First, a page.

1.3 The Motivation for Global Marketing

Reasons for Entering Global Markets

Many marketers have found the international marketplace to be extremely hostile. A study by Barker and Kaynak (1992) for example, found that less than 20 percent of firms in Texas with export potential actually carried out business in international markets. But although many firms view in markets with trepidation, others still make the decision to go international. Why?

In the Barker and Kaynak study, the following motivating factors were given for initiating overseas marketing involvement (in order of importance):

  • large market size
  • stability through diversification
  • profit potential
  • unsolicited orders
  • proximity of market
  • excess capacity
  • offer by foreign distributor
  • increasing growth rate
  • smoothing out business cycles

Other empirical studies over a number of years have pointed to a wide variety of reasons why companies initiate international involvement. These include the saturation of the domestic market, which leads firms either to seek other less competitive markets or to take on the competitor in their home markets; the emergence of new markets, particularly in the developing world; government incentives to export; tax incentives offered by foreign governments to establish manufacturing plants in their countries in order to create jobs; the availability of cheaper or more skilled labour; and an attempt to minimize the risks of a recession in the home country and spread risk (Chen & Hicks, 2000).

Reasons to Avoid International Markets

Despite attractive opportunities, most businesses do not enter foreign markets. The reasons given for not going international are numerous. The biggest barrier to entering foreign markets is seen to be a fear by these companies that their products are not marketable overseas and a consequent preoccupation with the domestic market. The following points were highlighted by the findings in the previously mentioned study by Barker and Kaynak (1992), who listed the most important barriers:

  • too much red tape
  • trade barriers
  • transportation difficulties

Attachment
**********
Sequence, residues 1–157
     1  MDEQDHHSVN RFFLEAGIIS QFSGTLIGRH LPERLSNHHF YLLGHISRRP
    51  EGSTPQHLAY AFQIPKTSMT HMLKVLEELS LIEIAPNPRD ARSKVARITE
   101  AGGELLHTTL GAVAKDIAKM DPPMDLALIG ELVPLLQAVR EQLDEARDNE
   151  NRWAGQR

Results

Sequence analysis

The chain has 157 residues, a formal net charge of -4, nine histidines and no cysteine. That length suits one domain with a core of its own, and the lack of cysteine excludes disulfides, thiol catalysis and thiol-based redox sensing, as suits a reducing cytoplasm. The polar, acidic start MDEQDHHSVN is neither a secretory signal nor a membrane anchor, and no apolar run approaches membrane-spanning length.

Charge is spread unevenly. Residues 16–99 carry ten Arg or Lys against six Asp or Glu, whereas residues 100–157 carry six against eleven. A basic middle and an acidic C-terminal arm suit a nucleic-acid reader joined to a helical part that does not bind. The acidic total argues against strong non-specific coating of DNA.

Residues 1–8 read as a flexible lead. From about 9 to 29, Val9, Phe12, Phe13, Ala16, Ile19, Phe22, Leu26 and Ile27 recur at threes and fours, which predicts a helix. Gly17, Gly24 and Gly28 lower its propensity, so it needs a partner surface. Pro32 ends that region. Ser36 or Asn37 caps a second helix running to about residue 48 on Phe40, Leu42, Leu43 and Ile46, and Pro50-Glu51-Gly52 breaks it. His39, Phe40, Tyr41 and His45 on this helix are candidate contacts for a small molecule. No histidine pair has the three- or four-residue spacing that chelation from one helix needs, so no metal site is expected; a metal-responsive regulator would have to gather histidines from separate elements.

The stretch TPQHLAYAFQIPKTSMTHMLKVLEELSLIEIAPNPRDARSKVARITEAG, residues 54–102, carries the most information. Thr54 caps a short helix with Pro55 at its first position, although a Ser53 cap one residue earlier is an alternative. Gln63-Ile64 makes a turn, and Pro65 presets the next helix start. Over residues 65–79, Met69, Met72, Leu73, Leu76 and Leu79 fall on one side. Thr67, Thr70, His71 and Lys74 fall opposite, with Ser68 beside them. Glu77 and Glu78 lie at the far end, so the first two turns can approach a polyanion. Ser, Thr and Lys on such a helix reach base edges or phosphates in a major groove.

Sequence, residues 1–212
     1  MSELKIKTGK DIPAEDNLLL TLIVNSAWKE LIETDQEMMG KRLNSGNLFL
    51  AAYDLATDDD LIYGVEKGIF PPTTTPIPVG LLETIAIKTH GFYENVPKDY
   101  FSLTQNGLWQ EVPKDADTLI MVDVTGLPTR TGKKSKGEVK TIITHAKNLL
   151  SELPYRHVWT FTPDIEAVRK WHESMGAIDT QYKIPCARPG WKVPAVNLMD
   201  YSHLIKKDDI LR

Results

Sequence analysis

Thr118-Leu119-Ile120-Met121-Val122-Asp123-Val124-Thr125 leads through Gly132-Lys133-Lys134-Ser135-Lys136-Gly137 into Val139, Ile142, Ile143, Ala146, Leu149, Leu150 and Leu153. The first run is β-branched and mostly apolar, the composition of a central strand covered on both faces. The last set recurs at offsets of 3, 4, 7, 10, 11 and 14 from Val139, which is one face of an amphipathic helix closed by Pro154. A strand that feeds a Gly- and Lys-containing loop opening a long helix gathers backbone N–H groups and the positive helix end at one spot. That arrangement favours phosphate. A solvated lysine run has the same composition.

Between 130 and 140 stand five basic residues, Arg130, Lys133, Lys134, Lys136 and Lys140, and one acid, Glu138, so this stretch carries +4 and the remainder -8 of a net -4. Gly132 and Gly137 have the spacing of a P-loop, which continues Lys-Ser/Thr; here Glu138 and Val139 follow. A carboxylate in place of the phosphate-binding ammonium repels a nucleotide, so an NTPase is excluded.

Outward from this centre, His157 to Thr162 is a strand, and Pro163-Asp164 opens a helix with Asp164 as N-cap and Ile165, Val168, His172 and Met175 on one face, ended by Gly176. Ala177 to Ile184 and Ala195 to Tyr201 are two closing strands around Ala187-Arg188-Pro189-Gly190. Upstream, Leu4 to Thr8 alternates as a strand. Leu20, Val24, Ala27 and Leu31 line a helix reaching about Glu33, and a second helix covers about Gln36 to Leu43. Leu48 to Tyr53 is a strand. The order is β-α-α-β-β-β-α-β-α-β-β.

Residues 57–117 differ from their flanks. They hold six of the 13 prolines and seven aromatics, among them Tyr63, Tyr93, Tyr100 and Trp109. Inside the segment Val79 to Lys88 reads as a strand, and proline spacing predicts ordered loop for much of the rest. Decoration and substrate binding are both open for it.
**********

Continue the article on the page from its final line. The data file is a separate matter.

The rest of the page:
• lack of trained personnel
  • lack of incentives
  • lack of coordinated assistance
  • unfavourable conditions overseas
  • slow payments by buyers
  • lack of competitive products
  • payment defaults
  • language barriers

It is the combination of these factors that determines not only whether companies become involved in international markets, but also the degree of any involvement.

Case: Global Marketing Strategy

man wearing a canada goose jacket
Photo by Fran, Unsplash Licence

A major theme of Chapter One is the importance of having a global marketing strategy (GMS). A GMS improves international performance by creating a competitive advantage with a marketing mix tailored to the company’s global needs. A Canadian example would be Canada Goose, which has successfully reached many countries and continents. From operations to marketing and outbound logistics, many of their marketing activities have traditionally been handled in Canada. Recently, they have opened international physical stores. This demonstrates a move towards more multinational marketing efforts. Since success in cities such as New York, London, and Tokyo has proven that they have a large market, they have been motivated to continue growing.

A successful strategy they’ve implemented includes cold rooms in some of their stores. This is so that customers can experience products in colder temperatures (Reiss, n.d.). By going global with their cold rooms, they have anticipated the need of international consumers to be able to experience for themselves what it’s like to wear this coat in cold temperatures. They have understood that their value proposition is the brand’s image as being high quality (Reiss, n.d.). Additionally, they offer clothing for three seasons, demonstrating they understand and employ a localized strategy and understand the geography aspect of marketing. This enables them to extend their product lines to countries that are not as cold as Canada. Rather than focusing on pure luxury, they emphasize quality and craftsmanship. Moreover, they recognize that it is important to avoid having products that appear standardized and instead turn towards making their products unique as “Made in Canada” (Danziger, 2018).

Vicky Anborgh, March 2023


Core Principles of International Marketing – Chapter 1.3 by Babu John Mariadoss is licensed under a Creative Commons Attribution-NonCommercial-ShareAlike 4.0 International License, except where otherwise noted.


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Global Marketing In a Digital World Copyright © 2022 by Lina Manuel is licensed under a Creative Commons Attribution-NonCommercial-ShareAlike 4.0 International License, except where otherwise noted.

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